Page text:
The confusion over what masculinity means today is reflected in the conflicted feelings of males now coming of age. According to a new study from the Brazil-based nonprofit Promundo, most American Millennial men feel pressured to project a traditional image of manhood characterized by traits like toughness, self-reliance, and hypersexuality. But when asked if they wish to emulate these characteristics themselves, the majority don’t.

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Promundo’s results echo those from a 2016 YouGov survey that asked men to rate themselves on a scale of “completely masculine” to “completely feminine.” Only 30% of 18- to 29-year-olds chose “completely masculine.” That’s compared to 65% of men over 65.

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All these social and cultural changes have also left Millennial women in uncharted waters. More face a dating pool where partners of equal education and status are harder to come by, leaving them waiting for men catch up or deciding to go it alone. “They aren’t men,” one young woman told Philadelphia Magazine flatly. “They’re boys.” It’s a sign of a long-term generational reversal: When Boomer women were coming of age, they wanted kinder, gentler men in touch with their feelings. Now Millennial women yearn for guys who can “man up” and take care of business.


Let’s zoom out even further. In a way, this anxiety over men mirrors a larger debate over America’s national identity.

Americans have traditionally seen themselves as a “pro-testosterone” nation: restless, striving, and rowdy. Our heroes are risk-takers who break the rules and aren’t afraid to fail. Many consider these traits—and by extension, the “real men” who embody them—essential to our survival and destiny.

In his new book The Complacent Class, Tyler Cowen argues that America is losing the dynamism, mobility, and enterprise that made it special. Then again, others might argue that unrestrained masculine exuberance—as embodied by business leaders like Uber’s Travis Kalanick or political leaders like Donald Trump—could render America dysfunctional and even ungovernable.

Ultimately, it’s impossible to pigeonhole what’s happening to masculinity as wholly positive or negative. It’s a matter of perspective. The strongest objections come from critics who believe men and women are naturally built for traditional roles—or from those who argue that toxic chemicals are wreaking havoc on men’s health. Those who believe traditional gender roles are dysfunctional, however, welcome moving past them: A less testosterone-laden world, they say, might be more cooperative and less violent. 


Falling testosterone rates, along with the broader discussion of men’s place in society, will have major implications going forward.

The debate over the safety of testosterone supplements will ramp up. With millions of men now boosting their testosterone with gels, patches, androgen precursors (like DHEA), and aromatase inhibitors (like DIM), the efficacy and safety of supplementation is now hotly debated. The official FDA concensus is that, for all men above very low testosterone levels, the positives (improvement in mood, strength, libido, bone density, and red-cell count) are outweighed by the risks (mainly, a higher rate of cardiovascular death).

Although higher testosterone is clearly correlated with better health and longevity, supplementation may not be the answer—especially when correctible lifestyle habits (diet and exercise) are to blame. In fact, in the years ahead, “regain your manhood” may become a mantra for more and more men who will embrace working out and living well as a way to boost testosterone levels naturally.

Millennial men will continue to flock to how-to-be-a-man guides. In recent years, we’ve seen a rise in the array of services, seminars, and media devoted to teaching Millennial men and women how to be an adult. The generation that brought “adulting” into the modern lexicon is being won over by companies like MassMutual, whose “Society of Grownups” class teaches Life101 skills (like balancing a budget) to young adults.

This wave of grown-up advice is mirrored by a spike in gender-specific how-to guides teaching young men how to act like a man. Look no further than the Art of Manliness, a popular blog started back in 2009 that offers tips on everything from essential life skills to effective workout routines to—you guessed it—increasing testosterone.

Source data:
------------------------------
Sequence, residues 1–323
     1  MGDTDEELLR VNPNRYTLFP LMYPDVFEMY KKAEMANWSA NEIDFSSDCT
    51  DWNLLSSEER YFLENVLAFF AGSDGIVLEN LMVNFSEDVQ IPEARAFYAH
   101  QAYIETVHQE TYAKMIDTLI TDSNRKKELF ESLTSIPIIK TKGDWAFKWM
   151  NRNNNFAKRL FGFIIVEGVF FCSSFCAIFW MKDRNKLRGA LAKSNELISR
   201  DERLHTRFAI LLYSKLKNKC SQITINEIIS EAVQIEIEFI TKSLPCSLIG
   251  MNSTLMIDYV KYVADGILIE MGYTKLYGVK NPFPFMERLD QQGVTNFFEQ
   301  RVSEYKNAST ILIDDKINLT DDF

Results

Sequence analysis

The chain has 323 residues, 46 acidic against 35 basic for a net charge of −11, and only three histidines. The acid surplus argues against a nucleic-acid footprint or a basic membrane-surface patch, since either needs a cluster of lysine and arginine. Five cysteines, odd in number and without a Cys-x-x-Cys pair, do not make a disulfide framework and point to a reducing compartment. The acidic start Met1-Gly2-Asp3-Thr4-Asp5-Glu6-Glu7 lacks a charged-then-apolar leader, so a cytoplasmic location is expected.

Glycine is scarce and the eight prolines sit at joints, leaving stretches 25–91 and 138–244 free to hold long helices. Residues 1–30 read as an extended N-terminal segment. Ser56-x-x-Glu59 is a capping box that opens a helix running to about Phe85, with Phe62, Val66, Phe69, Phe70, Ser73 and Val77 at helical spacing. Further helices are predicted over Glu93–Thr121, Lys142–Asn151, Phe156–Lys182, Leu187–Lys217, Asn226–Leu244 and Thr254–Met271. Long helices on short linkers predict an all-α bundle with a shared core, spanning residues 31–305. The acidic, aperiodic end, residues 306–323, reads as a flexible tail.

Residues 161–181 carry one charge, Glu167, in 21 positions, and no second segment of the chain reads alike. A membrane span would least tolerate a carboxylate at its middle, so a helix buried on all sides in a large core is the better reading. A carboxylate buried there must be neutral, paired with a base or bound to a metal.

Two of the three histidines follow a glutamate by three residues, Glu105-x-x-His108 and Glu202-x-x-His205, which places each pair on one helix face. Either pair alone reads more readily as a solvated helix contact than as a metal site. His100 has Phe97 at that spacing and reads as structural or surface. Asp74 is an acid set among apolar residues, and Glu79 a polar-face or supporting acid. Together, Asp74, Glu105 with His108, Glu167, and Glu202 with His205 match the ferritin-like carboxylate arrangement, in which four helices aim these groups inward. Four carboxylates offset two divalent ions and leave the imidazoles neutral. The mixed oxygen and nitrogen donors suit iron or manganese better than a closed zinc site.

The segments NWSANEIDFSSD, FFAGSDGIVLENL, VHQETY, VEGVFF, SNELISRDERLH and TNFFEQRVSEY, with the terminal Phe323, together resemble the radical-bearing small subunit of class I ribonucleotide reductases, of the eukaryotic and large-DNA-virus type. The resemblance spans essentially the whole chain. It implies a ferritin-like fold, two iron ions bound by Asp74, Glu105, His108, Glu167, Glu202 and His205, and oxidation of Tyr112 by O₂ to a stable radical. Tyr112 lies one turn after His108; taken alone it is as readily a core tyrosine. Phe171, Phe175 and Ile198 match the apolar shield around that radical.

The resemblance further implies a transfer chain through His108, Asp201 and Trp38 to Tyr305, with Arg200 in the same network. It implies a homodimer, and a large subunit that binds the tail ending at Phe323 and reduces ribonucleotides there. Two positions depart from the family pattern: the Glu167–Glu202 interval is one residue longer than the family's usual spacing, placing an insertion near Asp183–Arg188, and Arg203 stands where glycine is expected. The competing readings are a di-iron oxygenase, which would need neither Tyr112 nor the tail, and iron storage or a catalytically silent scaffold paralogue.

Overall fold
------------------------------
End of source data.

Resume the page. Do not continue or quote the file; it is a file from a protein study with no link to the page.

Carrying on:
By the time its last wave comes of age, Millennials will trigger a resurgence in the “manly” ideal. At a time when Millennials are called soft, cossetted, and (most nefariously) “snowflakes,” this is admittedly a contrarian call. But I will stand behind it. We have seen such historical shifts before under similar circumstances. History teaches a simple lesson: With a lag, young men as a group always become what young women want them to be.

We are already beginning to see signs that Millennial men are taking the hint. Think for instance of the recent resurgence in beards among Millennial men. Overt masculinity is also making its way into advertising. In a hugely viral Under Armour ad that aired during the 2016 Summer Olympics, a bearded Michael Phelps swims laps in the darkness to train his body to peak condition. And then there’s the original Dos Equis “Most Interesting Man in the World”—who was ousted in favor of a younger-but-still-venerable bearded actor enlisted to appeal to Millennials.

These trends may ultimately culminate in the “revalorization” of traditional male roles that have lost their luster. Fatherhood is one example: Already, the “dumb dad” trope in commercials is being replaced by a string of father-friendly “dadvertising” depicting capable men doing valuable work. (See: “The Dawn of ‘Dadvertising.’”) We may continue to see other male-dominated societal roles and professions glorified as Millennials age.

To be sure, this new Millennial masculinity will not mark a return to the masculinity of their fathers. Millennials will adopt a more socialized, restrained ideal that better fits their personality—rather than the over-the-top, rebellious brand that Boomers popularized.

The culture of female-dominated professions could change as more men enter them. The future of job growth—for men and women—lies in predominantly female fields like health care and education. These fields are largely service-oriented and prioritize traits like empathy and caring.

In order to attract men, some companies in these fields are playing up traits like risk and toughness. Some hospitals, for example, feature recruitment posters comparing the rush of being an operating-room nurse to mountain climbing. (The poster asks readers: “Are You Man Enough…to be a Nurse?”)

Ultimately, the masculinization of these industries may change their culture. There are historical precedents: A century ago, as working women became secretaries and teachers, they feminized professions that used to be dominated by men.

If there’s one thing on which observers agree, it’s the need for solutions to support the men the 21st-century economy has left behind. Somewhere between these two poles lies the ideal revised take on masculinity: one that is aligned with changing cultural norms and allows most men to feel useful and find meaning within it.